The make tool can run jobs (commands) simultaneously instead to running them one by one. Works best on multiprocessor systems. To enable it, run:
$ make -j n
where n is the number of parallel jobs to execute. As per this analysis, the results are best when n = number of processors in the system.
This speeds up the compilation of large source code like that of the Linux kernel. As Bob has mentioned in his comment below, not all Makefiles are “job safe” and the jobs may be completed in any order. So be cautious when using the -j option.
GCC (GNU Compiler Collection is a powerful collection of compilation related tools that supports various programming languages. Here are some features of GCC (C specific) used in the Linux kernel:
GCC hacks in the Linux kernel
BFS is an unofficial scheduler for the Linux kernel to ‘boost’ the responsiveness by increasing the context witch rate. Here’s the writeup on BFS from the author posted yesterday:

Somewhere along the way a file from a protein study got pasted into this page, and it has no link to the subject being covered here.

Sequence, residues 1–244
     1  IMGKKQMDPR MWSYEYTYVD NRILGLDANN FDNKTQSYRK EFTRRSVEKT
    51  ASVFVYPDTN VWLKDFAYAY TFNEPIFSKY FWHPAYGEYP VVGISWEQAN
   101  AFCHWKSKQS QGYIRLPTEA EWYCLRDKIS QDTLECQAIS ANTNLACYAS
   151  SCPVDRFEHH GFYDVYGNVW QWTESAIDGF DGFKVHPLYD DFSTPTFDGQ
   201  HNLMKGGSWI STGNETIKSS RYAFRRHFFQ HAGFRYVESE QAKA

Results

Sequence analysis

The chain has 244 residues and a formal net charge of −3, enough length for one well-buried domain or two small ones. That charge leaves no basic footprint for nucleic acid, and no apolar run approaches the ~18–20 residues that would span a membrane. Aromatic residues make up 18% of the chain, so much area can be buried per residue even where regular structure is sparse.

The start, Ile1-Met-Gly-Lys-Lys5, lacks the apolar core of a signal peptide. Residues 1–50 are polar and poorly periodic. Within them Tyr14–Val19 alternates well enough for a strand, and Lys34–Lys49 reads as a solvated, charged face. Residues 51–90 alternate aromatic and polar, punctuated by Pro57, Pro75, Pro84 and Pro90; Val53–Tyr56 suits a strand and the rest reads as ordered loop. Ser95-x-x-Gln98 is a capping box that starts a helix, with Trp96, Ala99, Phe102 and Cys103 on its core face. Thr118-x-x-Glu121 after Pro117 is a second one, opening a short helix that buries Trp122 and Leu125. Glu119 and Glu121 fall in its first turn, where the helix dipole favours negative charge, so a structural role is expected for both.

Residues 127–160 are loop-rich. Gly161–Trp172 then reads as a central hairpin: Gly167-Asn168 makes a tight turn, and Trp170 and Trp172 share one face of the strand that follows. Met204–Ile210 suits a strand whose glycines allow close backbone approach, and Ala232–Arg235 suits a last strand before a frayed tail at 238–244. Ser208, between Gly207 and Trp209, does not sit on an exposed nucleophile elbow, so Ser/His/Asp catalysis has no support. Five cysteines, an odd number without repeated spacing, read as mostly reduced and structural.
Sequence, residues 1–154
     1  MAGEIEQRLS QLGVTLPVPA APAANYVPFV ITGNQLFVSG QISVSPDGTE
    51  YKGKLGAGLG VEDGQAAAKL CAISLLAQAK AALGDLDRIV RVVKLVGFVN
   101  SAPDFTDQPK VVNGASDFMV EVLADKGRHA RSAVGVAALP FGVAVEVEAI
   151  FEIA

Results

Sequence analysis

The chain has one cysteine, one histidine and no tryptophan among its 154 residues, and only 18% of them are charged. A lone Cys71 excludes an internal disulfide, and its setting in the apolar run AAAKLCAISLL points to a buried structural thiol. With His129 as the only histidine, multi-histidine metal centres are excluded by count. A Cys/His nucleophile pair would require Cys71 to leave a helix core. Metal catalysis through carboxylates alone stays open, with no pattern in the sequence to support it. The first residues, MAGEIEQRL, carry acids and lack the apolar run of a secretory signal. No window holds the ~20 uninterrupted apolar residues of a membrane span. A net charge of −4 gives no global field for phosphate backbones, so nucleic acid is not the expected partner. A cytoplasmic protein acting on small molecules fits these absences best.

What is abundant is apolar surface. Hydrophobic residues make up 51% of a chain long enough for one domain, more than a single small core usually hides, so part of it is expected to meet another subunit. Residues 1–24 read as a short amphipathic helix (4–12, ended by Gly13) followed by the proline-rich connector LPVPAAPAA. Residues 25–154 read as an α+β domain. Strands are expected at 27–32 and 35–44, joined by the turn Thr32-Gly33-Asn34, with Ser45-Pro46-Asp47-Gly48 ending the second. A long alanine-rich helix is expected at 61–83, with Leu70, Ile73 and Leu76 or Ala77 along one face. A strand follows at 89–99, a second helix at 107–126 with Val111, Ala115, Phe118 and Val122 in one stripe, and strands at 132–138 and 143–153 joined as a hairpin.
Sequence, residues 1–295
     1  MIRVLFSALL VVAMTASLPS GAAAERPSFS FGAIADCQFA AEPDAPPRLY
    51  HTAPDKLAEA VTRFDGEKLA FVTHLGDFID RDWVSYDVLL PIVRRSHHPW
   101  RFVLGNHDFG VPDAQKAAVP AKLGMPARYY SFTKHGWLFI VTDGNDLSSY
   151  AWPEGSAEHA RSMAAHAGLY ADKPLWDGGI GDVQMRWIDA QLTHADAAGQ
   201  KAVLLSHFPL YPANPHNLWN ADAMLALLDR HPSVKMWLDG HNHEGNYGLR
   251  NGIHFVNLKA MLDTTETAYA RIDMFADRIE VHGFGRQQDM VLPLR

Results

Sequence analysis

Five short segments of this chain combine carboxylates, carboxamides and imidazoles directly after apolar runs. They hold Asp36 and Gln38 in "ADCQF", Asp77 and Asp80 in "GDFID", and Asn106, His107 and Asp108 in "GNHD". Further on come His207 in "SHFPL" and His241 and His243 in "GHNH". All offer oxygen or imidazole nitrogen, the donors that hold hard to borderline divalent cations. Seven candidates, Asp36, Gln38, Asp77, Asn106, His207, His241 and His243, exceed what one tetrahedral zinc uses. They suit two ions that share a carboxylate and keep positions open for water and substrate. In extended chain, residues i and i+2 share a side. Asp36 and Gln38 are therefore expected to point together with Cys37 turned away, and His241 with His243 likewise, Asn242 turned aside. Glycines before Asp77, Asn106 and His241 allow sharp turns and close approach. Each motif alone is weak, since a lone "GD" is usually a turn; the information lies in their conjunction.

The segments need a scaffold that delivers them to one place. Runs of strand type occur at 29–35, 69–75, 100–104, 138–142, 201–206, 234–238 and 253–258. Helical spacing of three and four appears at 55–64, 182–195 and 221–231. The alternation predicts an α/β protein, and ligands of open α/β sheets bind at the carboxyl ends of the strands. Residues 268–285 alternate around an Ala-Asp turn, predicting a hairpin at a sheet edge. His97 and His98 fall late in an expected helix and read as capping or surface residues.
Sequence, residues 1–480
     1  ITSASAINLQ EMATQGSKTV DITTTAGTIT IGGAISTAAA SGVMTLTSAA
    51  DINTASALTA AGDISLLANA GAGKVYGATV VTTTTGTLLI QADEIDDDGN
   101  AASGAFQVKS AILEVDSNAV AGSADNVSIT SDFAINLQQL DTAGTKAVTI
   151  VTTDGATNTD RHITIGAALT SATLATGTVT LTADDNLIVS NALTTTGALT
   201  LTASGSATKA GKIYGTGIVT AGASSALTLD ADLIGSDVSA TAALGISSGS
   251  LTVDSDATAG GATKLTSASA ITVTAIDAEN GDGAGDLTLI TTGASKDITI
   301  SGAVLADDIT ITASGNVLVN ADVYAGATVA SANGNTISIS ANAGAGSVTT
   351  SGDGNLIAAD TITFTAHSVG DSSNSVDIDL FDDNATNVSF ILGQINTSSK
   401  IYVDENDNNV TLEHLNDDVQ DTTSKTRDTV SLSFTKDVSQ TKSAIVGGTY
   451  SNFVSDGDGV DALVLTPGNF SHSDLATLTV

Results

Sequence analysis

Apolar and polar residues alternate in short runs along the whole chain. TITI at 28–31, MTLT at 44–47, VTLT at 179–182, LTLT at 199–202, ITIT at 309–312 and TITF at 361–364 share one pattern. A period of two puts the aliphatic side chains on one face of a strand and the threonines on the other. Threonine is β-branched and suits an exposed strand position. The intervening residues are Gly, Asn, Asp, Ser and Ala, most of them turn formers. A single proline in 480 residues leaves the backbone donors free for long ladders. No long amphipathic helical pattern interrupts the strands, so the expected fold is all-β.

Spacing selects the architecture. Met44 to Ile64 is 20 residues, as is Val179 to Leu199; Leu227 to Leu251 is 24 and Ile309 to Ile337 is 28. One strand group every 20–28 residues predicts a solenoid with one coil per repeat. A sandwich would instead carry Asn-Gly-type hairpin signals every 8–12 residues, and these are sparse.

BFS: A Kernel Patch (new ‘Task Scheduler’)
To install and test the BFS scheduler on Ubuntu 12.04 Precise Pangolin, 11.10 Oneiric Ocelot, 11.04 Natty Narwhal and 10.10:
$ sudo add-apt-repository ppa:chogydan/ppa
$ sudo apt-get update
$ sudo apt-get install linux-image-generic-ck linux-headers-generic-ck
Find a nice Linux debugging tutorial using strace, ltrace and vmstat here:
Linux system debugging super tutorial
Another article on shared library debugging:
Linux Commands For Shared Library Management & Debugging Problem
An article on memory corruption debugging:
Memory Corruption – Debugging Tools in Linux
A nice tutorial on how to debug the kernel by printing:
Debugging by printing
By default the kernel loads some modules which may not be required by your laptop/computer. I have disabled all the modules on Ubuntu 12.04 other than those related to sound, network and graphics to speed-up boot time. To stop modules from loading add them in the /etc/modprobe.d/blacklist.conf file. Here goes my configuration. Several modules can be specific to your hardware. For example, I keep the laptop webcam disabled.
$ cat /etc/modprobe.d/blacklist.conf